List of visits during 2016
175 - Archaeological Ensemble of the Bend of the Boyne
A wonderful visit to a remarkable site. Such a impressive construction made so long ago with minimum af tools.
176 - Historic Centre of Macao
Had some trouble getting here with fog in Hong Kong. Arrived 2 hrs later than planned so it turned out to be a quick visit. It was really worth the time to come here. The old Portugese parts of this city was really amazing. Quite odd to think you are
in an european city but still you are in Asia
177 - Old Town of Segovia and its Aqueduct
The aqueduct in Segovia is truly a remarkable piece of engineering and building.
178 - Old Town of Ávila with its Extra-Muros Churches
The city wall is really so well preserved. When walking here you almsot feel that it could have been built yesterday.
179 - Canterbury Cathedral, St Augustine's Abbey, and St Martin's Church
This was another Cathedral visit. It feels like I have seen them all now. The good thing about Canterbury is that is so much more there to see. I really liked walking around the small church at St Martin´s. The church was really packed with history
dating way back. Not so crowded either so you could enjoy it.
180 - Kernavė Archaeological Site (Cultural Reserve of Kernavė)
This was a site to remember due to it´s beautiful suroundings. Beautiful weather and no people around made it sooo relaxing. Here they have found evidence of human activities during a period of 15 000 years. There is a relly good museum that displays
many artifacts that they have found during the escavations.
181 - Vilnius Historic Centre
After have being to the other Baltic capitals, Tallin and Riga it was time for Vilnius. This city is really a mix of evrything from beautiful to ugly. Most of the time it is beautiful and it is really nice to walk around and discover this city.
182 - Christiansfeld, a Moravian Church Settlement
This is really a remarkable little town. It is well preserved and you can understand how it was back in time when it was built.
183 - The par force hunting landscape in North Zealand
I had the opportunity to visit both the Store Dyrehave and Jaegersborg Dyrehave.
Stjernen i Store Dyrehavet
184 - City of Verona
A nice city with it´s Arena in the middle of the town. A lot more to find if you stroll around in this city
A nice view
185 - Mantua and Sabbioneta
Mantova has a lot to offer. Not so many tourists here and fantastic buildings and suroundings.
186 - Cathedral, Torre Civica and Piazza Grande, Modena
Modena is a city with a lot to offer.
187 - Ferrara, City of the Renaissance, and its Po Delta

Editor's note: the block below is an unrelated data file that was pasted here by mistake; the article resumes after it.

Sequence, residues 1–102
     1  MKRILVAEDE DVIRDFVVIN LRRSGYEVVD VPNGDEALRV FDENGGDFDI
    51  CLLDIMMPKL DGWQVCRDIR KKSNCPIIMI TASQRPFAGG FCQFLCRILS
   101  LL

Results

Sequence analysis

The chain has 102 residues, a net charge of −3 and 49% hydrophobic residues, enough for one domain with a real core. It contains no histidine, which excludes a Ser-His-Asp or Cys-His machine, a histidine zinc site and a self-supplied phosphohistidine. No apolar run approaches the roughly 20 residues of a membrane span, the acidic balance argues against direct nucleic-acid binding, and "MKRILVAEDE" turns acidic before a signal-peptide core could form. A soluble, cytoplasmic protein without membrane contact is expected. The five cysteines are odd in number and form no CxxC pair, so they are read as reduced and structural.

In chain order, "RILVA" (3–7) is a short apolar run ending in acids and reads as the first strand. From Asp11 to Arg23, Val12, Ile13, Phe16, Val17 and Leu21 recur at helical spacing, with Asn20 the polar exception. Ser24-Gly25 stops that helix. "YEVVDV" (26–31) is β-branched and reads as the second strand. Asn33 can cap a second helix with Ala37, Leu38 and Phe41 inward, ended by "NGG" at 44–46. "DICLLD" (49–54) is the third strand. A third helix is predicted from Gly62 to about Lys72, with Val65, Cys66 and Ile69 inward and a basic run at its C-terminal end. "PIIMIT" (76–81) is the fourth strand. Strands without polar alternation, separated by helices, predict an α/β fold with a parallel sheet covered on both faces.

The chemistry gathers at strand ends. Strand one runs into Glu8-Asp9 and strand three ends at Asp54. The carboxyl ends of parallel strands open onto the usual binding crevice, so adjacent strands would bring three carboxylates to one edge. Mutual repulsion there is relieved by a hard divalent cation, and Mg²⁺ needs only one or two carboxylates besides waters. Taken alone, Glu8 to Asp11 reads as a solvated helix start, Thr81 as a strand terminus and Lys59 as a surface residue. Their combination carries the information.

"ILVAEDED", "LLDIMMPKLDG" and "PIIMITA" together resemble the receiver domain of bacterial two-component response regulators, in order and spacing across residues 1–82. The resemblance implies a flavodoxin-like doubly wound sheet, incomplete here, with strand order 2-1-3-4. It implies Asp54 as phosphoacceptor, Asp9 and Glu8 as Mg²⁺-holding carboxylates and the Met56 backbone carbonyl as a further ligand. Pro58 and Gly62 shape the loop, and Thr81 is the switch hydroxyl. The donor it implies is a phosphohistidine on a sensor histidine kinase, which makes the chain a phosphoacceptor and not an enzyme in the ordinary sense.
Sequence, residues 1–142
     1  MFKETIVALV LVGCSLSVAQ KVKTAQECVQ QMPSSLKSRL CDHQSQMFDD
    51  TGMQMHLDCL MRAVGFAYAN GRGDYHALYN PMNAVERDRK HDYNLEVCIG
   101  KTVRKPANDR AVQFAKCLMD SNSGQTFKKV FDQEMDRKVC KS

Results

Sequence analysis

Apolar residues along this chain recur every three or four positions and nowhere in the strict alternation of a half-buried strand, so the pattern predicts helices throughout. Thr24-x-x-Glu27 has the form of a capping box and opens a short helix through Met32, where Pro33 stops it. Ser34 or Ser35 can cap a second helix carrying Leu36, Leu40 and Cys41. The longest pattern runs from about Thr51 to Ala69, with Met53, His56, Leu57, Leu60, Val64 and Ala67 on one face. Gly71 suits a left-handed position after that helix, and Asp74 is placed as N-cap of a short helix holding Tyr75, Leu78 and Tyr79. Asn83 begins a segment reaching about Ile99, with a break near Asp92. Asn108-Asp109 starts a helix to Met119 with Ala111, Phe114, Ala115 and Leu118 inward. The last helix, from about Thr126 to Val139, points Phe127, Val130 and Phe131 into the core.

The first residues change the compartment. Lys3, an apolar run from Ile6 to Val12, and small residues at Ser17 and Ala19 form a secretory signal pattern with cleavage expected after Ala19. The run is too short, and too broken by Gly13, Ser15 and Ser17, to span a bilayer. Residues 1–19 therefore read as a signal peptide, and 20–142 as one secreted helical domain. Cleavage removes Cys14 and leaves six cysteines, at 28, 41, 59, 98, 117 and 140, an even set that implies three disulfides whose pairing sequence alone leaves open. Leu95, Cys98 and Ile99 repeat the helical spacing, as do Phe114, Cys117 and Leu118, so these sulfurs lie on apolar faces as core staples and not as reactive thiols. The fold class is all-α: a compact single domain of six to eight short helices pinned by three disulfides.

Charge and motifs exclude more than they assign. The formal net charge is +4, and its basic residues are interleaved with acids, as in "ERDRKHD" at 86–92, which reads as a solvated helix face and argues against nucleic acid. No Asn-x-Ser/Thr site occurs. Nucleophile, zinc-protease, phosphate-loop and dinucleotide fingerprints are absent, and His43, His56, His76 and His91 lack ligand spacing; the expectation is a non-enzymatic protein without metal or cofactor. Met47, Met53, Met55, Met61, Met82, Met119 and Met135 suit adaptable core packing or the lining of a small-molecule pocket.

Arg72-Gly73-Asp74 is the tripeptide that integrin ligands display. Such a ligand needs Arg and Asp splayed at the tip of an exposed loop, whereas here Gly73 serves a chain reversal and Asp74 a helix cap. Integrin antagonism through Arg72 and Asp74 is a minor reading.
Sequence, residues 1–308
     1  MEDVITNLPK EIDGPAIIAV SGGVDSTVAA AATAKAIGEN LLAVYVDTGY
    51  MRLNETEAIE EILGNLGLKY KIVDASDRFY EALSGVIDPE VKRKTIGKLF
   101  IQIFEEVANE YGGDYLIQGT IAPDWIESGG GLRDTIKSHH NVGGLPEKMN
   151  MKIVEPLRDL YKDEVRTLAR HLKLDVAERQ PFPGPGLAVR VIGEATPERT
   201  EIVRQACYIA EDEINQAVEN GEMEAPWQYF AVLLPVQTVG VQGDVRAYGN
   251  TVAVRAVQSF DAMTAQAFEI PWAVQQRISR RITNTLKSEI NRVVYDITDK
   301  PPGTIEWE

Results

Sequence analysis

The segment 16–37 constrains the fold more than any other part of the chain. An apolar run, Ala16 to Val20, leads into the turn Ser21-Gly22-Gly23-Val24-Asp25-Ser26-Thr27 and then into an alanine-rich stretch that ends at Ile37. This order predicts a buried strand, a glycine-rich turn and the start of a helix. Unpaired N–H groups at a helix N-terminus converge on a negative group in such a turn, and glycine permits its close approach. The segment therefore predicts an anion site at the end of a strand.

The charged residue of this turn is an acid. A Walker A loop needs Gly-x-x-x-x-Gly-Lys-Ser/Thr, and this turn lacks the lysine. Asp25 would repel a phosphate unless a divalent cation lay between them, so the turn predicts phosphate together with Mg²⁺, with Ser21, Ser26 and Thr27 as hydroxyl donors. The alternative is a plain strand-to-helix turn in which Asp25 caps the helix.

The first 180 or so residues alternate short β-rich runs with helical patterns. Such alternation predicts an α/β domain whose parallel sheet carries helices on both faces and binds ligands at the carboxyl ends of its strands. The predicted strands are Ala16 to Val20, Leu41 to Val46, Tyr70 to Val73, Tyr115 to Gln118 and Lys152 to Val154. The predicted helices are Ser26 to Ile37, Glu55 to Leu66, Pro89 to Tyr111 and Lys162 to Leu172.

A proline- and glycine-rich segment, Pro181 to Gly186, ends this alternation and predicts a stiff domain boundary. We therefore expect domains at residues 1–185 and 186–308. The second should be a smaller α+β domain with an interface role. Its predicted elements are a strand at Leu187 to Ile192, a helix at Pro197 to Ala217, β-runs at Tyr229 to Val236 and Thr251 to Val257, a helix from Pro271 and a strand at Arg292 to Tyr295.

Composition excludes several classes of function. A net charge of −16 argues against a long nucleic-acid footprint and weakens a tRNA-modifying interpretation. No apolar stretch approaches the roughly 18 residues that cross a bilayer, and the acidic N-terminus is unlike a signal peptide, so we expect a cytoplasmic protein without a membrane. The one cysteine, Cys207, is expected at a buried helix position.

I had just 1 hour in this city between changing trains. It was worth the short stop over
188 - Medici Villas and Gardens in Tuscany
I ended up my trip in Florence and made a visit to Giardino di Boboli. At 35 degrees you still could find some nice shadows in this magificient garden. It is a landscape garden with trees and busches but limited number od flowers.
Giardino di Boboli - Neptune
189 - Bronze Age Burial Site of Sammallahdenmäki
We made a really nice 1,5 km walk around these cairns from the early bronze age, 1300-1000 BC.
There are 36 cairns within the World Heritage site but what makes this site unique is the flat, floor like "Church Floor" and the wall like "Long Ruin
Due to the remote location the site has been preserved almost intact in the original natural landscape without recent constructions such as houses, roads or power lines.
The "Church Floor"
190 - Old Rauma
After we have visited Uusikaupunki with a lot of old wooden houses we went to Rauma to see some more.
There are around 600 buildings in the 29 hectare area comprising Old Rauma. The narrow streets of Old Rauma follow lines set down in the Middle
Ages and are lined with houses, the oldest parts of which were built in the 18th century.
It reflects the golden ages of sailing ships in the 1890s. At the time, many of the buildings on the main street were adorned with neo-renaissance facades
191 - Petäjävesi Old Church
The church was built in 1763-65 and the belfry and the corridor connecting the church hall to the belfry were built in 1821.
Timber walls and the high barrel vaults are left unpainted but the tie-beams and the vault ribs are decorated with red
ochre paint following the medieval tradition of decoration.
The interior of the church has remained almost original and there has never been heating in the church.
192 - Verla Groundwood and Board Mill
The Groundwood mill as it looks today is from 1882 except for the drying building in wood that was destroyed in a fire and was replaced by a red brick building in 1892.
The main product of the factory was white mechanical pulp board, which was
manufactured at different strenghts until 18th July 1964.
Going on the guided tour was a real pleasure. It started with a documentary film from the last days of operation in 1964 and then you could understand the different "stations" in the process
when you saw the intact factory during your walk.
This was really a top visit 🙂
193 - Painted Churches in the Troodos Region
I made a visit to the Timios Stavros church in the beautifully situated village of Pelendri.